Over the last week, my email and twitter have been absolutely carpet bombed by press statements and tweets from various official press centres and the enlightened in equal measure far in excess of the usual information overload.
The reason of course was the gathering at the UN. Everybody who is a political anybody has to be on record saying something whether people stay to listen or walk out is irrelevant. Those words are transmitted globally by the Internet in real time via live webcast or with the absolute minimum of delay via press statements.
You start to feel some pity for those in GCHQ, MI6, MI5 and Whitehall who have to trawl through huge amounts of data on a minute by minute basis and decide what is of interest and what is not, what requires and immediate response, what may require a response later and what can be completely ignored. Who has said what and is there any actual or potential changes in their position which may also mean blowing the dust off some contingency plan written for that eventuality some time ago or creating one.
Multiply this by the many channels of communication of government and other actors, which may be spook to spook, minister to minister, gov to gov, department to department, non-state actor to any of the aforementioned plus many others and in any possible combination from these multitude of information emitting nodes and the carpet bombing of my email and twitter looks like an easy day at the office for some unfortunate mandarin working on a particular desk.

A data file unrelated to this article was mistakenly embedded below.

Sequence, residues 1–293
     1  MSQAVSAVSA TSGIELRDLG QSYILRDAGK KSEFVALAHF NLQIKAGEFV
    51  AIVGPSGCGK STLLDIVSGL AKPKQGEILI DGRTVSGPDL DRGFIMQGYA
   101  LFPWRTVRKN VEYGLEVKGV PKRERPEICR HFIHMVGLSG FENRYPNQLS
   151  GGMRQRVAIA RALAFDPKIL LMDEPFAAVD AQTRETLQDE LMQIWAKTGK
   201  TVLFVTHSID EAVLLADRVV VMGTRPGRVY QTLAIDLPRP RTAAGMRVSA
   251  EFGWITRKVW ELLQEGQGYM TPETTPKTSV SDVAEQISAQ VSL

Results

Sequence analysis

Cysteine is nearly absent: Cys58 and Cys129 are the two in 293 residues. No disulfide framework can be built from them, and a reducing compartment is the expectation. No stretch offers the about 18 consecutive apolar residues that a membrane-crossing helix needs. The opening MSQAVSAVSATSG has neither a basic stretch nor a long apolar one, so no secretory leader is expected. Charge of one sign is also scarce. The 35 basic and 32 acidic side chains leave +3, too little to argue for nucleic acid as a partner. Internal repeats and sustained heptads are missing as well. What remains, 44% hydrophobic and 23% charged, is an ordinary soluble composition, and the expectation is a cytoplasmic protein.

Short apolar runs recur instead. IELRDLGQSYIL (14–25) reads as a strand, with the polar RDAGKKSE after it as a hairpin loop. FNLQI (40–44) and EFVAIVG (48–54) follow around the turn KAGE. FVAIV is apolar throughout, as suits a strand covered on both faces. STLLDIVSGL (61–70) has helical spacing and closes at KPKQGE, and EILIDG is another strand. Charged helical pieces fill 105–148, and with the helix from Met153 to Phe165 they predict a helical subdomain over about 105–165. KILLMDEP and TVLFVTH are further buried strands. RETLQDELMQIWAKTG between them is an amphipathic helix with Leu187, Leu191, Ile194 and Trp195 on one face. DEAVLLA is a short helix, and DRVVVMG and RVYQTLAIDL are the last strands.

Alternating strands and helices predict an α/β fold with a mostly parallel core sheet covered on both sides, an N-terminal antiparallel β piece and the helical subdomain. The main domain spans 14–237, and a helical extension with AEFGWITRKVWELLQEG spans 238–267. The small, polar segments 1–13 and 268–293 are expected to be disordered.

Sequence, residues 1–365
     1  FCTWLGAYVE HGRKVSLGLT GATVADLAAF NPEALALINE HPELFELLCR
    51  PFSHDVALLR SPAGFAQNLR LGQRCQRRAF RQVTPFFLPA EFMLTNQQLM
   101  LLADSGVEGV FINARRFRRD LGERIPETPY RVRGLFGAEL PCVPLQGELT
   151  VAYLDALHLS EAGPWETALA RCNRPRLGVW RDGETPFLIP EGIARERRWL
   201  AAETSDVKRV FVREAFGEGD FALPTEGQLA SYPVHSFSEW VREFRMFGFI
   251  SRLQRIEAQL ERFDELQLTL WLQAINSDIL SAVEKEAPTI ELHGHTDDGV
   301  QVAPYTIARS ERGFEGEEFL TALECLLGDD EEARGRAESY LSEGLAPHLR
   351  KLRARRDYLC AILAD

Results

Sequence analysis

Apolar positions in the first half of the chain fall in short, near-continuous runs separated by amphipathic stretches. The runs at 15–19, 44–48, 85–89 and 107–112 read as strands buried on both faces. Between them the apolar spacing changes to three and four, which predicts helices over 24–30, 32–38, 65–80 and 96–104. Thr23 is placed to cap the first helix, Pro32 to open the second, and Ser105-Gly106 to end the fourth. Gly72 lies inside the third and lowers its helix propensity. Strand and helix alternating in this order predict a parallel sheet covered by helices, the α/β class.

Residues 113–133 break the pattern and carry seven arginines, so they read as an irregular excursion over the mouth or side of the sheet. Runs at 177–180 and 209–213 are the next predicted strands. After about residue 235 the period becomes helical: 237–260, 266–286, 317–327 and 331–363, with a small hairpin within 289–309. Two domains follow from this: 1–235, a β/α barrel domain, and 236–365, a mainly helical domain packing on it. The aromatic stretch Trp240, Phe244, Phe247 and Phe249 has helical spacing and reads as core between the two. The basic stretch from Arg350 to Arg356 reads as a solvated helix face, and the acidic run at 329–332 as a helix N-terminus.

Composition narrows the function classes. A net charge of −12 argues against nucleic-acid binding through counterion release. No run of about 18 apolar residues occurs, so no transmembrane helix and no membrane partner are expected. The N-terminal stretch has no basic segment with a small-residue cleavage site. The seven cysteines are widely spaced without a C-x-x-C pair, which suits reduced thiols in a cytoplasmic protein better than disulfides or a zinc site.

The UN was obviously going to be dominated by the Palestinian UN application and various other Arab and African events. Ukraine seemed to be most noticed relating to all things atomic during the meeting and whilst that is an important and global issue, that is not what caught my eye.
My attention was drawn to the on-going issue of Transnistria and the 5+2 negotiations to which Ukraine is party. New commitments to restarting meaningful negotiations were not made at the UN, but in Moscow during the UN gathering in New York, however it did get a mention.
Regionally this is particularly important for both Moldova, Ukraine and the EU. Transnistria is no more than a 30 minute drive from my home and a place I have been several times.
Transnistria is (classed as) a frozen conflict that happens to sit on the borders of Ukraine (and Odessa) and presents a major obstacle to both Moldovan and Ukrainian European aspirations. Although this very recent European Commission Report on Moldovan and Ukrainian Visa-free progression does not make it clear, should Ukraine become Visa-free with the EU long before Moldova reaches that stage, it may very well land-lock (by Visa necessity) a very small and rather poor nation on all sides which would be a particularly bad result over a long period of time.
Quite obviously if Ukraine were to become Visa-free with the EU, both the EU and Moldova would hope that Moldova follows swiftly in the wake of Ukraine. That is rather difficult when there is a frozen conflict involving an officially unrecognised region that seeks autonomy from Moldova and alignment with Russia. To give credit where it is due, Germany has been particularly active with engaging with the Kremlin over a resolution in the past year to allow Moldova a route towards Europe.
As Stefan Fule stated, sadly almost as a footnote, in this speech a few days ago, “If Ukraine’s role is to be enhanced as we hope, I think it is important to end with a strong reminder of the importance of the human element. At last year’s Summit I was pleased that we were able to announce a concrete Action Plan towards Visa Liberalization. I think the prospects are positive.” Unfortunately there is no mention of the intangible link with Moldova that certainly exists.
Thus, despite the fine words and matters of great global interest discussed at the UN over tha past week, possibly the biggest and most advantageous event of last week involving Ukraine and its foreign policy took place in Moscow and hardly got a mention.